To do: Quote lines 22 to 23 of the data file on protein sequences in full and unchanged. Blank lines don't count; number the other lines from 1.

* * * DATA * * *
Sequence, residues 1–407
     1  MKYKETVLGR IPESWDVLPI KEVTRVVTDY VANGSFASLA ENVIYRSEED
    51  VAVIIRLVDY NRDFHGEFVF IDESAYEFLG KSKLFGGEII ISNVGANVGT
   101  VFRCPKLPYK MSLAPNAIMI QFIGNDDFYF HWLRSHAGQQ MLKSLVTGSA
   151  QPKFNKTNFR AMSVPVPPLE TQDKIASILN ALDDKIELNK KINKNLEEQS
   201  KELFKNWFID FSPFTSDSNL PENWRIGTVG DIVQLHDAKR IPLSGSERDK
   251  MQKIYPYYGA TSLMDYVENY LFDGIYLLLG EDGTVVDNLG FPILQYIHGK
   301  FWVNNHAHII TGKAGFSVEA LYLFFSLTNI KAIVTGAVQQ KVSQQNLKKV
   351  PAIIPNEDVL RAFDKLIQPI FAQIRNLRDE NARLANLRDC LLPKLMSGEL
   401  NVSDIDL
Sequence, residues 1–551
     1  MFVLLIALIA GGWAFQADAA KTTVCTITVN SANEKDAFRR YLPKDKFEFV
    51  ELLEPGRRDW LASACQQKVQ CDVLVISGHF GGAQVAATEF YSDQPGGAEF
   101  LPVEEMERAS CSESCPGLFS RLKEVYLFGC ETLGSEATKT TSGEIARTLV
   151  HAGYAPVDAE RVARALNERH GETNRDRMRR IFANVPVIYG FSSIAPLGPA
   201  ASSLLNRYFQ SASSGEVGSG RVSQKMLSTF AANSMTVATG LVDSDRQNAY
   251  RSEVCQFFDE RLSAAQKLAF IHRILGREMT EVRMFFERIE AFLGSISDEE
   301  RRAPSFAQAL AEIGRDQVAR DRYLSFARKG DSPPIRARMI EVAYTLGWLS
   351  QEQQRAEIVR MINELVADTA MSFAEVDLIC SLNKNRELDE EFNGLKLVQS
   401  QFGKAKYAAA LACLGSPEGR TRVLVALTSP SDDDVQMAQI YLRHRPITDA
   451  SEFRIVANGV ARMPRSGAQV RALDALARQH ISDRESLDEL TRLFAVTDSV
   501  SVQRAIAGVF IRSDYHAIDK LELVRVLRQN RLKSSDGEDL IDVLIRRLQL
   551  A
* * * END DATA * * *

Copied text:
   501  SVQRAIAGVF IRSDYHAIDK LELVRVLRQN RLKSSDGEDL IDVLIRRLQL
   551  A